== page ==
Who's up for the challenge then?

Friday, February 16, 2007

What Do You Think He's Driving At?

Paperboy's Ditty was a huge rap hit in 1993. In this alarming video, he's seen lying on the ground while a passing cow gets, well, milked by a load of bikini-clad "lovelies".

What's that all about then, eh?

Thursday, February 15, 2007

I don’t want chips anymore

Me and Jenny are going out on Lordship Lane tonight. We plan to have a lovely time drinking large glasses of chilled white wine and eating chunky chips and garlic mayonnaise in The Bishop. I like the Bishop very much, they're always friendly in there and you get a good choice of home-made food at any time of day. None of the, "oh, the kitchen doesn't open until six" or "get that child out of here it is six o'clock!" that you get in the Rye Hotel. So, no, don't take your child in the Rye for an early weekend supper, they'll kick him out just as they start serving food.
Anyway, our other best friend, Angela, would usually be with us but unfortunately the magazine she works for, quite last minute, has gone and sent her to Italy to write a food and travel piece. They have also commissioned her photographer husband to go along and take the pictures. She has just texted me this picture of herself and this message “In Portofino and just had trofie al pesto Going to next town now to get big gelato will send pic. Love ya. A x”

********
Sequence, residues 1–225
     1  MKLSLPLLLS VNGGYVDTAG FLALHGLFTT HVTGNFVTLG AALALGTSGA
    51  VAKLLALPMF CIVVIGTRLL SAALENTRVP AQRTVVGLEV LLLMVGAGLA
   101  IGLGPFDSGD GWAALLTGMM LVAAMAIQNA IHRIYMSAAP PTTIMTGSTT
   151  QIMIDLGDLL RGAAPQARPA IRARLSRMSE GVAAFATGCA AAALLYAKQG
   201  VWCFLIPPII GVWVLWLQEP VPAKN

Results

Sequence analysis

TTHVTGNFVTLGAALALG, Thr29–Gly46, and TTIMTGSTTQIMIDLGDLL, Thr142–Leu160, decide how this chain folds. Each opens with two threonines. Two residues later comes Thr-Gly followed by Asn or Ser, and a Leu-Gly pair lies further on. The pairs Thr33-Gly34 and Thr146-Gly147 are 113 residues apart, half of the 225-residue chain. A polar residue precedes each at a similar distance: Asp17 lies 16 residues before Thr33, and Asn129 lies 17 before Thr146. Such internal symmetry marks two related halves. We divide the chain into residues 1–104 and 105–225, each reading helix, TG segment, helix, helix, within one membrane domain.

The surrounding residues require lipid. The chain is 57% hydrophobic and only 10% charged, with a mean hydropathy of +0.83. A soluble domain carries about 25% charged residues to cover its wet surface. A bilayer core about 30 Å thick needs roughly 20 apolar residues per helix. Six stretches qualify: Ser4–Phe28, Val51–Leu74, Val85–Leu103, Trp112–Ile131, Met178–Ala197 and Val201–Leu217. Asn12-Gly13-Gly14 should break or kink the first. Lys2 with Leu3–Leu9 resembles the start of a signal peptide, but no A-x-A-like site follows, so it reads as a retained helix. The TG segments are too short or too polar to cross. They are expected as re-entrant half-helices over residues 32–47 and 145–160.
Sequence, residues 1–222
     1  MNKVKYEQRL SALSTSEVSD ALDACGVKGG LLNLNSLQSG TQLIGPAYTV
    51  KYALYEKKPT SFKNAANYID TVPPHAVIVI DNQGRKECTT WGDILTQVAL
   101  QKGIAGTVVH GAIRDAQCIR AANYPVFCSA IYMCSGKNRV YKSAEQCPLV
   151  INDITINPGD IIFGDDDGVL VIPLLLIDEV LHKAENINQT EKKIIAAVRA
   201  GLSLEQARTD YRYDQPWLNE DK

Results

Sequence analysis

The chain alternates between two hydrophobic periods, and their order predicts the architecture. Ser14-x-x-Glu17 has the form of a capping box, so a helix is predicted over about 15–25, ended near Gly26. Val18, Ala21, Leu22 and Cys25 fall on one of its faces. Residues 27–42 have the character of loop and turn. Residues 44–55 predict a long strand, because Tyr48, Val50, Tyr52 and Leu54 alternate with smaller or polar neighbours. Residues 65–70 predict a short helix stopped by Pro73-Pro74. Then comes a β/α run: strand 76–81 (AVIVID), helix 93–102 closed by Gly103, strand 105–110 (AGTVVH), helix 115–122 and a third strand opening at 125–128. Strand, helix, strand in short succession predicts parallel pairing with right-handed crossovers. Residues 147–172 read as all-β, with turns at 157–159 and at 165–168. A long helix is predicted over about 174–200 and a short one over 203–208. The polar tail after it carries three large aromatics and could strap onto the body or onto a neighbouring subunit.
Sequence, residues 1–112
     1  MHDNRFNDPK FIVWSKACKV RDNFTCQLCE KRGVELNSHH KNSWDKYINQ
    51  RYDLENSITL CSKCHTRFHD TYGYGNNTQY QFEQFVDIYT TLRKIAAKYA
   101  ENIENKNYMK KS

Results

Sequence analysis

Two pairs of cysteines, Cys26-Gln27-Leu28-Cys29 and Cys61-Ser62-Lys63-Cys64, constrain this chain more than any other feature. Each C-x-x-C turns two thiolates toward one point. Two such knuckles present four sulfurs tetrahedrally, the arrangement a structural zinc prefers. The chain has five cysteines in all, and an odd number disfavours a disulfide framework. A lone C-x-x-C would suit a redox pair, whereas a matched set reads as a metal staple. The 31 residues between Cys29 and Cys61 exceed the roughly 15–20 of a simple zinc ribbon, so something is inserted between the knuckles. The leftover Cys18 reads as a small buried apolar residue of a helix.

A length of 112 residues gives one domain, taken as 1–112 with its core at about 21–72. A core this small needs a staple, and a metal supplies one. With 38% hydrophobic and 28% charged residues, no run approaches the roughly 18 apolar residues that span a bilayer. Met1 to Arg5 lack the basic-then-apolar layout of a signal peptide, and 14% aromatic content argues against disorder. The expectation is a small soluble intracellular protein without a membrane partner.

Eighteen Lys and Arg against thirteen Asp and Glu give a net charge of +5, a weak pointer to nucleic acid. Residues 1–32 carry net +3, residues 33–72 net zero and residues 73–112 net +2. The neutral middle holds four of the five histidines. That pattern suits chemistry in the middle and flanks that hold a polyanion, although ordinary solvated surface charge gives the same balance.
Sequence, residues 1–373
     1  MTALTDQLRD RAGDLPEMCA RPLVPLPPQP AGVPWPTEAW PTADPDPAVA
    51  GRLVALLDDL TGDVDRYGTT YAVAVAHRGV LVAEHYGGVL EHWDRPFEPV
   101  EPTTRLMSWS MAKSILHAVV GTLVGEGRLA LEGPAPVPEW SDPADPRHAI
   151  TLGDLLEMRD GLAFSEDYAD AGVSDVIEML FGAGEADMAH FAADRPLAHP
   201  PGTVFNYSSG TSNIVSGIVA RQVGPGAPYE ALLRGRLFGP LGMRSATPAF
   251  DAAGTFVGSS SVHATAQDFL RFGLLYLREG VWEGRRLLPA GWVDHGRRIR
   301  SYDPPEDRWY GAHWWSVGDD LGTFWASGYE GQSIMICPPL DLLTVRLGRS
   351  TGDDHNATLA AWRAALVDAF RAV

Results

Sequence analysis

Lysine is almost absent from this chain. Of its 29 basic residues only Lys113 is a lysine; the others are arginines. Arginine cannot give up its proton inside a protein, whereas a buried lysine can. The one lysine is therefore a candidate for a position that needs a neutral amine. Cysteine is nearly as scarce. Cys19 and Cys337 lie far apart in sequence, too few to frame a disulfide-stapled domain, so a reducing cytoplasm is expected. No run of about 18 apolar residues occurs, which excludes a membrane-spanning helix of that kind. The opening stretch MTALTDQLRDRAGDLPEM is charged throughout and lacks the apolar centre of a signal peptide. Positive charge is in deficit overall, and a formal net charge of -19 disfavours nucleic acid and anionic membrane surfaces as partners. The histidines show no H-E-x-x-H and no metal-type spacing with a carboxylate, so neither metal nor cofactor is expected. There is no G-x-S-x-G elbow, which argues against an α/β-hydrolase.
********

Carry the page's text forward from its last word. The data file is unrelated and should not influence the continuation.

Don't work too hard, Sweetheart, will you!!!

Unreleased Canadian Folk-Rock Corner: 2

Neil Young: Stringman (demo, 1976)

In 1993, when the whole world went mad for that whole MTV Unplugged caper, it went doubly mad for the idea of Neil Flaming Young doing it as he was precisely the sort of IMPORTANT HERITAGE ARTIST ACTUALLY that made TV people wet the bed. Of course, when it happened, some was a bit dull, a lot of it was very good, but Stringman was just brilliant.

I had never heard it before and in those pre-internet days it was very difficult to find out anything about it (because just asking someone would have been insanity, right?). Now, of course, I know it was, originally, an unreleased track from 1976. Well, let it be unreleased no longer!

And - hello! - here's the sleeve of the bootleg it's taken from...

And that, ladies and gents, concludes the UCF-RC series until I find away to pretend that Rush's Lakeside Park is, in any way imaginable, either folk-rock or unreleased. Love the shorts, dude.